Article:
Today, fortunately, was just a little bit cloudier than yesterday and consequently the heat was just a little bit easier to bear. But today being a Tuesday we go down to Waitrose and meet with our usual crowd of people – well, some of them anyway. As usual, we had a jolly good time and also took the opportunity to buying a few things of which we were short. Then we made our way home and I got prepared for my normal Pilates class later on in the morning. This was rather a strange class as there was only myself and one of the faithful regulars who has been attending the class for years now.
A few weeks go, I was ‘volunteered’ onto the Parochial Church council of the church I attend together with Meg on a weekly basis. We have had one meeting already but this was largely procedural concerned with getting some of our number into the leadership roles, followed by a lengthy discussion of how we were going to go about our task. Our church has had a Parochial Church Council at some time in the dim and distant past but COVID and changing philosophies about the role of the laiety makes for a new situation so we are almost starting ‘ab initio’. But tonight was our first real business meeting and the discussions ranged from the procedural (how do we make our own Council more representative of the congregation in terms of gender, ethnicity and age distribution), to the chatechismic (how do we best prepare our young church members for Confirmation) to the severely practical (does the availabillity of hand sanister in the porch of the church have deleterious effects upon door handles and the wooden furniture within the church). There was no animosities or ‘grandstanding’ involved but a genuine desire to see how we could individually and collectively fulfil our mission and play our part in the community of Bromsgrove. Once we settle down, we will meet about once every two months but one source of discussion was how we could ensure that the whole of our parish community could be better informed about the different voluntary activities that are already being undertaken. Incidentally, next Saturday we are going to have a concert of ‘bite sized’ classics performed in our Church as part of the Bromsgrove festival so it will be rather strange for Meg and myself to turn up, as we will, not for liturgical but for essentially entertainment purposes. The concert next Saturday is ‘free’ but nonetheless a collection plate will be passed around with contributions invited to help the people of Ukraine.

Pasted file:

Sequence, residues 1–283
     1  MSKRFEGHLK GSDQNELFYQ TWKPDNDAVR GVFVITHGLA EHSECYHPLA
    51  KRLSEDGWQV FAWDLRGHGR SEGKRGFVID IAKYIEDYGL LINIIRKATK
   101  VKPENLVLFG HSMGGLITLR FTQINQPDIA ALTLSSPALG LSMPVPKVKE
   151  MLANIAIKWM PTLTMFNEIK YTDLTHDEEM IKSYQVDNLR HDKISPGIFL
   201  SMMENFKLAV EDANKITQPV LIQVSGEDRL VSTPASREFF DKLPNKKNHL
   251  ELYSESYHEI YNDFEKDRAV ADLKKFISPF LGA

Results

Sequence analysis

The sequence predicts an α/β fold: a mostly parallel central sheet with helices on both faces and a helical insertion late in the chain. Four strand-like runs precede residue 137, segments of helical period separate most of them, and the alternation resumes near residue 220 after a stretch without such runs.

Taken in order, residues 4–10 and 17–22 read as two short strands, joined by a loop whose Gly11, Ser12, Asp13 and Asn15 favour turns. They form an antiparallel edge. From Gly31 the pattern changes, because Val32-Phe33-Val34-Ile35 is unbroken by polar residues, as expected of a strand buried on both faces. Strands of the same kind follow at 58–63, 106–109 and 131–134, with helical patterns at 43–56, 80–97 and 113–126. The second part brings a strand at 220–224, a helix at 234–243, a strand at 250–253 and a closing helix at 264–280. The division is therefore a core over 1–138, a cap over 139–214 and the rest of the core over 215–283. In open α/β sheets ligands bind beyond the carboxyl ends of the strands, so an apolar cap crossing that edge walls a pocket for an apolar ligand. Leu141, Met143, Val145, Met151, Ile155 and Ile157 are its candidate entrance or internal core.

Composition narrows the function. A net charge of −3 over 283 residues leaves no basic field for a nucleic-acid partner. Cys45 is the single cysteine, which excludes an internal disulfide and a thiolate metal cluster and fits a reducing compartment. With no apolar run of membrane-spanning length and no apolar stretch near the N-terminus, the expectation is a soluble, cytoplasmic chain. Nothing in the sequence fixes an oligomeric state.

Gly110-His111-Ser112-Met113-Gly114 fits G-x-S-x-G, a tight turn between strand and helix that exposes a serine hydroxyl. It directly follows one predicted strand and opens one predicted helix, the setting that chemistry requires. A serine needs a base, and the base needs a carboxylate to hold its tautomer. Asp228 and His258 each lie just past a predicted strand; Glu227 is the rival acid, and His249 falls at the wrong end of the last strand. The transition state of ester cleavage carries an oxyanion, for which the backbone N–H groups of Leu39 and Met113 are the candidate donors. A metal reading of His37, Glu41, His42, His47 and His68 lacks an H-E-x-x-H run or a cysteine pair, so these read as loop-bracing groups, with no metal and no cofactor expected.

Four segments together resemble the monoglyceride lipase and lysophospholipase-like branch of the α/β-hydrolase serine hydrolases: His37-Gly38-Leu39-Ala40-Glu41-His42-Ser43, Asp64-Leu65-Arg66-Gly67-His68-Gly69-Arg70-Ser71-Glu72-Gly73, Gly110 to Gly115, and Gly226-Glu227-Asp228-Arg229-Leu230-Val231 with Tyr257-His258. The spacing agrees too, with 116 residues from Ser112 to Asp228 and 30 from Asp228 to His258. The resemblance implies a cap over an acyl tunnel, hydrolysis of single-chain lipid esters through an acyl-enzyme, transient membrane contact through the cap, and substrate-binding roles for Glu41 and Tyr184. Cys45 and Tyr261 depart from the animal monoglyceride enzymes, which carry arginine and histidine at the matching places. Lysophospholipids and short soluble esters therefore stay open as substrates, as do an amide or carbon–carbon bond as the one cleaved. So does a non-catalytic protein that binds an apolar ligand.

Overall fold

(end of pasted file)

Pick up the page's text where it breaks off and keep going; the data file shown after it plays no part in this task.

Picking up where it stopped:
Today has been the day when the nominations for leadership of the Tory party had to be submitted. The number initially indicating that they intended to put themselves forward numbered 11 but this figure is already reduced to 8. One ‘no hoper’ failed to get any nominations whilst another two withdrew as they suspected that they would not meet the criteria of having their nomination papers supported by at least 20 MPs. One of the candidates who withdrew was our own MP, Sajiv Javid, who I suspect withdrew because he was in danger of falling short of the required number. What is particularly ironic in this case is that it was Sajiv Javid’s resignation which helped to start the gradual abandonment of Boris Johnson by the rest of his party. But Javid made the issue of integrity and honesty the main thrust of his complaint against Boris Johnson but in the event it appears that this does not cut much ice with his fellow Tory MPs. There is a saying, of course, probably drawn from Shakespeare that ‘he who wields the dagger never wears the crown‘ which explains why in any revolt against established leaders those who seek to depose them are very anxious not to be the ones discerned as striking the first blow. Now that the total number of candidates hs been reduced to eight, then voting will start tomorrow and the outcome is bound to be bloody in the extreme. One of the criteria that governs the voting tomorrow is that anyone failing to achieve 30% of the vote will be eliminated so it is possible that two more candidates may be gone by tomorrow night. Then there will be further votes on Thursday and more next Monday with the aim of cgetting the candidate list down to two as soon as possible. All kinds of machinations are now taking place – it has been said the the Tory party electorate is the most duplicitious in the world. Rishi Sunak appears to be the front runner but there is a determined ‘stop Risihi’ campaign from Johnson acolytes swinging votes behind Liz Truss. In the meanwhile, Penny Mordant an ex-defence minister who Boris has sacked in the past, seems to be very popular with members of the Tory party in the country so the results of the first round of voting, to be announced at about 5.00pm tomorrow afternoon, will be fascinating.